Abstract

We have used optical coherence tomography to study the internal structure of a variety of non-biological materials. In particular, we have imaged internal regions from a commercial grade of lead zirconate titanate ceramic material, from a sample of single-crystal silicon carbide, and from a Teflon-coated wire. In each case the spatial positions of internal defects were determined.

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References

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  1. R. C. Youngquist, S. Carr, and D. E. N. Davies, "Optical coherence-domain reflectometry: a new optical evaluation technique," Opt. Lett. 12, 158-160 (1987).
    [CrossRef] [PubMed]
  2. K. Takada, I. Yokohama, K. Chida, and J. Noda, "New measurement system for fault location in optical waveguide devices based on an interferometric technique," Appl. Opt. 26, 1063 (1987).
    [CrossRef]
  3. A. F. Fercher, K. Mengedoht, W. Werner, "Eye-length measurement by interferometry with partially coherent light," Opt. Lett. 13, 186-188 (1988).
    [CrossRef] [PubMed]
  4. E. A. Swanson, D. Huang, M. R. Hee, J. G. Fujimoto, C. P. Lin, and C. A. Puliafito, "High-speed optical coherence domain reflectometry," Opt. Lett. 17, 151-153 (1992).
    [CrossRef] [PubMed]
  5. V. M. Gelikonov, G. V. Gelikonov, R. V. Kuranov, K. I. Pravdenko, A. M. Sergeev, F. I. Feldshtein, Ya. I. Khanin, and D. V. Shabanov, "Coherent optical tomography of microscopic inhomogeneities in biological tissues," JETP Lett. 61, 159 (1995).
  6. M. Bashkansky, M. D. Duncan, M. Kahn, D. Lewis, III and J. Reintjes, "Subsurface Defect Detection in Ceramics Using Optical Gated Techniques," Opt. Lett. 22, 61-63 (1997).
    [CrossRef] [PubMed]
  7. J. A. Powell and D. J. Larkin, "Process-induced morphological defects in epitaxial CVD silicon carbide," Phys. Status Solidi B 202, 529-548 (1997).
    [CrossRef]
  8. J. F. de Boer, T. E. Milner, M. J. C. van Gemert, J. S. Nelson, "Two-dimensional birefringence imaging in biological tissue by polarization-sensitive optical coherence tomography," Opt. Lett. 22, 934-936 (1997).
    [CrossRef] [PubMed]

Other

R. C. Youngquist, S. Carr, and D. E. N. Davies, "Optical coherence-domain reflectometry: a new optical evaluation technique," Opt. Lett. 12, 158-160 (1987).
[CrossRef] [PubMed]

K. Takada, I. Yokohama, K. Chida, and J. Noda, "New measurement system for fault location in optical waveguide devices based on an interferometric technique," Appl. Opt. 26, 1063 (1987).
[CrossRef]

A. F. Fercher, K. Mengedoht, W. Werner, "Eye-length measurement by interferometry with partially coherent light," Opt. Lett. 13, 186-188 (1988).
[CrossRef] [PubMed]

E. A. Swanson, D. Huang, M. R. Hee, J. G. Fujimoto, C. P. Lin, and C. A. Puliafito, "High-speed optical coherence domain reflectometry," Opt. Lett. 17, 151-153 (1992).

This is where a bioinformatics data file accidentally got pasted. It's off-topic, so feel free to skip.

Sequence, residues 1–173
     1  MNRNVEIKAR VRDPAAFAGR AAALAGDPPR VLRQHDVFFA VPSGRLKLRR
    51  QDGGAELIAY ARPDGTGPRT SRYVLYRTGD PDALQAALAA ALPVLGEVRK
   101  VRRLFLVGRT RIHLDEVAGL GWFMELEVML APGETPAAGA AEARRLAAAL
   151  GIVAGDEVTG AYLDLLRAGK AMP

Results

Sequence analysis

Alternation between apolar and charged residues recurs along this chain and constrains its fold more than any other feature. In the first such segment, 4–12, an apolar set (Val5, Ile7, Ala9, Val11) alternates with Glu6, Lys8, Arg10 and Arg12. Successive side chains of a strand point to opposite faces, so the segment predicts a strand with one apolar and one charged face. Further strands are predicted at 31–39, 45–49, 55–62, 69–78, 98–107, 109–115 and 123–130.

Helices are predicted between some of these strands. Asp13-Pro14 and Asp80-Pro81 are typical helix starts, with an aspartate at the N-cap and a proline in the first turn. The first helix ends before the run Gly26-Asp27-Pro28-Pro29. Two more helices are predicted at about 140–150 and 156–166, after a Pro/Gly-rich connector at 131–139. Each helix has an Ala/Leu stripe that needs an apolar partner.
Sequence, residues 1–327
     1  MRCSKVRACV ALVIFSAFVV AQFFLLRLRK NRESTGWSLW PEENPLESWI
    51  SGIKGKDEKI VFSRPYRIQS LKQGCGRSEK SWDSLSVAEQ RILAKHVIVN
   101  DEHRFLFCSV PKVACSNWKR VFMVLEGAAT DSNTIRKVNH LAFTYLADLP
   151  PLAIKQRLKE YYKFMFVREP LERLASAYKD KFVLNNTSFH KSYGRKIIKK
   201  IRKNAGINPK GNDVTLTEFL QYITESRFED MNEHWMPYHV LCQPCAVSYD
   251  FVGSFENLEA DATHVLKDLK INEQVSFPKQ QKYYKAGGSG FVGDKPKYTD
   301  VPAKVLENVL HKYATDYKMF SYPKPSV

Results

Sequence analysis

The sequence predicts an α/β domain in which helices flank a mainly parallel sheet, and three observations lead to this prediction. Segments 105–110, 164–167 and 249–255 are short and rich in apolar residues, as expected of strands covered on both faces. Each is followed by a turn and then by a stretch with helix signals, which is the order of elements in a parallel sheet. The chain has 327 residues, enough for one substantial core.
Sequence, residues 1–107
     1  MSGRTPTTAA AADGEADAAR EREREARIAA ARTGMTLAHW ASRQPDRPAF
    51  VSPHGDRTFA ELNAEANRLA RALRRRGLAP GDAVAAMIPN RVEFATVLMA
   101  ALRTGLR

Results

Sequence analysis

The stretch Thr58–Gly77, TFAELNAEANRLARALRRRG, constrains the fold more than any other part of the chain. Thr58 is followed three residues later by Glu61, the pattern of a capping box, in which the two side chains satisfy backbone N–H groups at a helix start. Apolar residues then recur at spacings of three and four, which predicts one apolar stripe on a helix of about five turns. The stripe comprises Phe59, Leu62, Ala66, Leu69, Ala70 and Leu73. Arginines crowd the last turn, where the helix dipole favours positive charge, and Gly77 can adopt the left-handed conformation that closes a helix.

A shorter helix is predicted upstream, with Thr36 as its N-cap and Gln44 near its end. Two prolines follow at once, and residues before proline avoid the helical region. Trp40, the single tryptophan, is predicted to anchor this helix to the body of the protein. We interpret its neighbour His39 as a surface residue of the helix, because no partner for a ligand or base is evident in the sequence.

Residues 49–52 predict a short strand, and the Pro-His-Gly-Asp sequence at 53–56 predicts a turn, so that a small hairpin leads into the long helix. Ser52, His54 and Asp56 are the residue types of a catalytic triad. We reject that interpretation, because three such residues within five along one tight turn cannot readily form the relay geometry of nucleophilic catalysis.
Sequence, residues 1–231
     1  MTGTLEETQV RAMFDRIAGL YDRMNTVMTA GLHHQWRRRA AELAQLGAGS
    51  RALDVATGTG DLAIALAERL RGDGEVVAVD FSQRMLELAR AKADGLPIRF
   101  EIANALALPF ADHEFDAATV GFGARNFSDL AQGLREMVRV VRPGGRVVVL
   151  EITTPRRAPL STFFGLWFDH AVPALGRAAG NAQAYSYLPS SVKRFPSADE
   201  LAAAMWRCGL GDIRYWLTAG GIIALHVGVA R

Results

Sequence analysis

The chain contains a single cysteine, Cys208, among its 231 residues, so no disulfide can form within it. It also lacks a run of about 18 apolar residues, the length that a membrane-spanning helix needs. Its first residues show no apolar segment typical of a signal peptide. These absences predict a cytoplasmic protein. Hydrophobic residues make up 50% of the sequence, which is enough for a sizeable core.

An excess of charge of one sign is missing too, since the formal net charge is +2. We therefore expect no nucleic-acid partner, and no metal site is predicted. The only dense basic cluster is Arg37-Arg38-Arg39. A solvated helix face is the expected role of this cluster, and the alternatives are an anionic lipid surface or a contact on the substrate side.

[CrossRef] [PubMed]

V. M. Gelikonov, G. V. Gelikonov, R. V. Kuranov, K. I. Pravdenko, A. M. Sergeev, F. I. Feldshtein, Ya. I. Khanin, and D. V. Shabanov, "Coherent optical tomography of microscopic inhomogeneities in biological tissues," JETP Lett. 61, 159 (1995).

M. Bashkansky, M. D. Duncan, M. Kahn, D. Lewis, III and J. Reintjes, "Subsurface Defect Detection in Ceramics Using Optical Gated Techniques," Opt. Lett. 22, 61-63 (1997).
[CrossRef] [PubMed]

J. A. Powell and D. J. Larkin, "Process-induced morphological defects in epitaxial CVD silicon carbide," Phys. Status Solidi B 202, 529-548 (1997).
[CrossRef]

J. F. de Boer, T. E. Milner, M. J. C. van Gemert, J. S. Nelson, "Two-dimensional birefringence imaging in biological tissue by polarization-sensitive optical coherence tomography," Opt. Lett. 22, 934-936 (1997).
[CrossRef] [PubMed]

Supplementary Material (3)

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Figures (5)

Fig. 1.
Fig. 1.

Reflection (a) and transmission (b) micrographs of a silicon nitride PZT ceramic sample 4 mm thick. There is a defect in the center of the image, and a larger, low contrast discoloration surrounding the defect.

Fig. 2.
Fig. 2.

A movie of 13 separate OCT scans taken at various depths from the same region of the sample shown in Fig. 1. The OCT scans are taken in the X-Y plane (parallel to the surface of the ceramic) at the depths shown in the lower right hand corner of each frame. Zero microns represents the approximate surface of the sample. [Media 1]

Fig. 3.
Fig. 3.

A transmission micrograph of a single-crystal silicon carbide sample.

Fig. 4.
Fig. 4.

A movie showing various three-dimensional views of OCT data from 15 different X-Y scans in the silicon carbide sample shown in Fig. 3. The scan range in X and Y is 1 mm . The X-Y scans were taken 10 μm apart in depth. The colored regions represent areas of high scatter. [Media 2]

Fig. 5.
Fig. 5.

A movie of 29 separate OCT scans taken at 100 μm intervals along a teflon-coated copper wire. The OCT scans are taken in the X-Z direction (cross-sections of the wire). [Media 3]

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